When adding more calories, athletes need to focus on carbohydrate foods that also have some protein and fats. Ross’ choice of Greek yoghurt and nuts and seeds are well intentioned, but I would add raisins to the nuts, or choose things like roasted chickpeas, other fruits, oatcakes, CLIF Bars/Nut butter filled Bars or homemade energy balls at around 11am as this would support his adaptation to training and give him energy reserves for afternoon sessions.
If you eat very well and train regularly, you can (and probably should) eat lots!
It is important to find a race routIne that follows nutritional guidelines packed up in a practical pattern that works for you. 2-3hrs before a 70.3 or Iron-distance race, athletes should aim to get 2g of carbs per kg of their body weight and Ross does this through oats, toast and banana. Some athletes might find that they need to eat simpler carbohydrates like corn flakes or rice pudding. While these aren’t as healthy, on race day you just need the energy!
The timing of fluid before an event is interesting. Just because it’s in you, it doesn’t mean it’s hydrating you. Drinking fluid and electrolytes the day before the event is a good way to make sure race day is about topping up and as fluid needs a while to be absorbed, most drinking should be finished by two hours before the event. After this maybe sip 200-300mls, not too much more. This has an impact on Ross’s caffeine intake which is largely in liquid form. He currently takes caffeine 30 mins before the event start in liquid form, but I would suggest when this close to the start he use bespoke caffeine products, so the fluid, caffeine and carbs can be taken at the best time for each.
Ross’ race nutrition and hydration is pretty bang on, with an intake of about 60g of carb per hour separated out as much as possible. Ross says he sweats a lot, but that doesn’t mean he loses a lot of sodium. All long course athletes need to work out their approximate sweat loss, but also where they sit on the scale of sodium loss, which can vary eight-fold between different athletes. All 70.3 and IM athletes should make sure that they are getting at least 200 mg of sodium / 500mls of fluid from the products they use, but this can go up to 800mg / 500mls for those who find they have the saltiest sweat residues. Ross might need to up his sodium intake – do you?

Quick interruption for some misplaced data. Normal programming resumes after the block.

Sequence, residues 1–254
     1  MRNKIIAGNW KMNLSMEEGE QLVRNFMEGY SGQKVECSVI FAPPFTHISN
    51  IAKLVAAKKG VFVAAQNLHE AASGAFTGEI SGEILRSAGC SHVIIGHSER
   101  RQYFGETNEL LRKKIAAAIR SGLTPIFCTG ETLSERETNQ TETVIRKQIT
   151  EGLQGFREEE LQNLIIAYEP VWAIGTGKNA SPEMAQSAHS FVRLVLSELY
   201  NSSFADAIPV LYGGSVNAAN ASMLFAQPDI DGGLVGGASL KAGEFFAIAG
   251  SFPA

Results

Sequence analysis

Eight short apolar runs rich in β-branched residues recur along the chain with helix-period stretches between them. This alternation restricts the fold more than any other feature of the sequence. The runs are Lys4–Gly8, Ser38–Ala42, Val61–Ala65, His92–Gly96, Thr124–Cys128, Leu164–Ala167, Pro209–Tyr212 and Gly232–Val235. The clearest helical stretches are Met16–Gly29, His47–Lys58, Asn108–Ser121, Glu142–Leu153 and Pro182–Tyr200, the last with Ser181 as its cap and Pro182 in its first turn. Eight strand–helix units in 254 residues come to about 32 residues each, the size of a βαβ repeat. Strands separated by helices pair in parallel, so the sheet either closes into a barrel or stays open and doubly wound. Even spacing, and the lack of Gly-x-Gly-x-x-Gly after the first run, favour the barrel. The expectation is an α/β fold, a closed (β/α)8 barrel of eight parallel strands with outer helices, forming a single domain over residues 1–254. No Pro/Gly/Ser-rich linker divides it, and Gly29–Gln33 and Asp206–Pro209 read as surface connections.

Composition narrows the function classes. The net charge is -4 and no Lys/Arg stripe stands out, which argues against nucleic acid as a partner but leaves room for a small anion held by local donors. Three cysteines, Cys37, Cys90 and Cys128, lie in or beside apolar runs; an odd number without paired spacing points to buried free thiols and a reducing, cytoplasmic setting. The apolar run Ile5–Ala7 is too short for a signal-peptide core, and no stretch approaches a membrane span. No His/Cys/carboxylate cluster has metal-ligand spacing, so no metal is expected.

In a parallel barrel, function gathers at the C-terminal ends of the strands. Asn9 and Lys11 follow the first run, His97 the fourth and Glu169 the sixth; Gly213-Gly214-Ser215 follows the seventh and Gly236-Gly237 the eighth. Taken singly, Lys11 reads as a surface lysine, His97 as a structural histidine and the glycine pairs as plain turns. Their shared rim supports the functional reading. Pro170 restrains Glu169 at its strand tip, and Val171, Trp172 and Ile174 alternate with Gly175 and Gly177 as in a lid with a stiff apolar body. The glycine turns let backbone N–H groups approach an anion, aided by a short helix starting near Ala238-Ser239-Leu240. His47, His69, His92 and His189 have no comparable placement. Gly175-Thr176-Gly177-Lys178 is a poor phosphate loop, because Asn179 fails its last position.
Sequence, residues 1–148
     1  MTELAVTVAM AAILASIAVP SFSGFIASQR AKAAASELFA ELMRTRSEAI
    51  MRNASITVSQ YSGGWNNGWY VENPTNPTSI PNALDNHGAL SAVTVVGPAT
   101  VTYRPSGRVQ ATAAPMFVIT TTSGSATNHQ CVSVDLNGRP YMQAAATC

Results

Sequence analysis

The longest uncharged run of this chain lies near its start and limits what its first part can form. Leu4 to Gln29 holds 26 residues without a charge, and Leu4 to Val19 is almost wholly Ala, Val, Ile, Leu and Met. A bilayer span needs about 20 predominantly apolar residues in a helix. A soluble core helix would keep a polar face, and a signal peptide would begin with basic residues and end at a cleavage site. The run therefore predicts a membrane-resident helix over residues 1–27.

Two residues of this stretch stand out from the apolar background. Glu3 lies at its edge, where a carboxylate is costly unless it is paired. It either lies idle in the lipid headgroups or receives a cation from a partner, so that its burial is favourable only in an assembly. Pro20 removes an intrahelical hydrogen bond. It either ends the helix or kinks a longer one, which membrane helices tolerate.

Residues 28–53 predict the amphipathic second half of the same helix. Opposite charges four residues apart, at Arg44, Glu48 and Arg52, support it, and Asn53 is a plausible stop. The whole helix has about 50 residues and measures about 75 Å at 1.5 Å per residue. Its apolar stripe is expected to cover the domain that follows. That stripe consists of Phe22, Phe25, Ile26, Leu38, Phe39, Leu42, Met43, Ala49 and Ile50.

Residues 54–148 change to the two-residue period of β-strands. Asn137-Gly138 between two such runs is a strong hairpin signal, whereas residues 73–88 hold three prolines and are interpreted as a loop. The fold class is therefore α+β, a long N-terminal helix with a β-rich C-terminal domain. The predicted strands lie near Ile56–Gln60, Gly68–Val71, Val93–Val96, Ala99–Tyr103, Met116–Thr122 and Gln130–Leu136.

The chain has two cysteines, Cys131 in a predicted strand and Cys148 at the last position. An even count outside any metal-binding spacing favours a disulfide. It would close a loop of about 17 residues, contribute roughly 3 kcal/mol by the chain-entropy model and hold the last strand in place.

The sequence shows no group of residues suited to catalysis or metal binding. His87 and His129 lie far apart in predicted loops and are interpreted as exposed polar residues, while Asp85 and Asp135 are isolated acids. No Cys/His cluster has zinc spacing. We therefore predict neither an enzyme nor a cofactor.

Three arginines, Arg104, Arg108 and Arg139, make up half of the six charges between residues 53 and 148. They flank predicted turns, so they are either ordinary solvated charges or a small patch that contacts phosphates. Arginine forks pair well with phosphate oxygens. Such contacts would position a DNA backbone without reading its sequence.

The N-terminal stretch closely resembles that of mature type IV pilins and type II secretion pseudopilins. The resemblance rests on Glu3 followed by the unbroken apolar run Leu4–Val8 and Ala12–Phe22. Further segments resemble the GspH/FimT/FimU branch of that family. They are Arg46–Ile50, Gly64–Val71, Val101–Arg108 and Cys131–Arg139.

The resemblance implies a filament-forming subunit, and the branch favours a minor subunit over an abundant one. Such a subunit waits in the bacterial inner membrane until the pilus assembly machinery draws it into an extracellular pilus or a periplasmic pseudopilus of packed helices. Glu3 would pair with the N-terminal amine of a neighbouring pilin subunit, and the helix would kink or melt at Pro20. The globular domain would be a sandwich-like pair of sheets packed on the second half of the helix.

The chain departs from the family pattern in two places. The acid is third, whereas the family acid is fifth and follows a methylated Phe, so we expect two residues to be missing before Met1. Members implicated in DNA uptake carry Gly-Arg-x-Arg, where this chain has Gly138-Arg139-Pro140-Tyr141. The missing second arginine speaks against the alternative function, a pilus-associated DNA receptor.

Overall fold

— Ross Macdonald (@sportyross) July 18, 2016
Post-race, the best advice is to have the very best version of whatever food you want. However, one often over-looked point are the following days. Research shows damage to the body extending for up to 19 days after an IM race and so calorie consumption shouldn’t be limited in this period. An athlete’s body is going to need a constant supply of carbs, good fat and protein, but also vitamins, minerals and other nutrients to heal. This is why it’s not just about quantity, but also quality. Chose the BEST, of whatever you want. Ross does well but needs to make sure he is looking after his nutrition on the day’s following a big race – this goes for big training sessions too!
BONUS FEATURE – SUPPLEMENTS:
Finally, supplements. We can get most of what we need through our diet. However, living in the UK, vitamin D is a must from October-April (and maybe all year), and for those on a plant-based diet, B12 is also important as the body doesn’t produce it. Some research suggests that male athletes should take Zinc and many male and female endurance athletes also need to take Iron – but ONLY following a diagnosis of low levels from a blood test. There is research to suggest that multivitamins containing synthesised vit A, C and E can inhibit the adaptation to training so these should be limited. With a good diet there is little need for much else, however, increasingly, we are seeing that gut health is king and that this is supported by the consumption of probiotics. For Ross, his ‘catch-all’ supplement covers the bases, but probably contains too many unnecessary nutrients. He could swap it for Vit D, Zinc and a probiotic and probably save a lot of money!
The take home here is to think about what you eat, when you eat it and how much you take in. Start with plant-based ingredients and foods and cook in bulk so that you can transport foods with you to support training and recovery with the best nutrition you can. It does require some thought, but not a huge amount of effort.
Ross is doing well and with some small changes will have optimised his diet for the challenge of a sub-nine hour Ironman!
Follow Ross and his progress via @breakingnine and @sportyross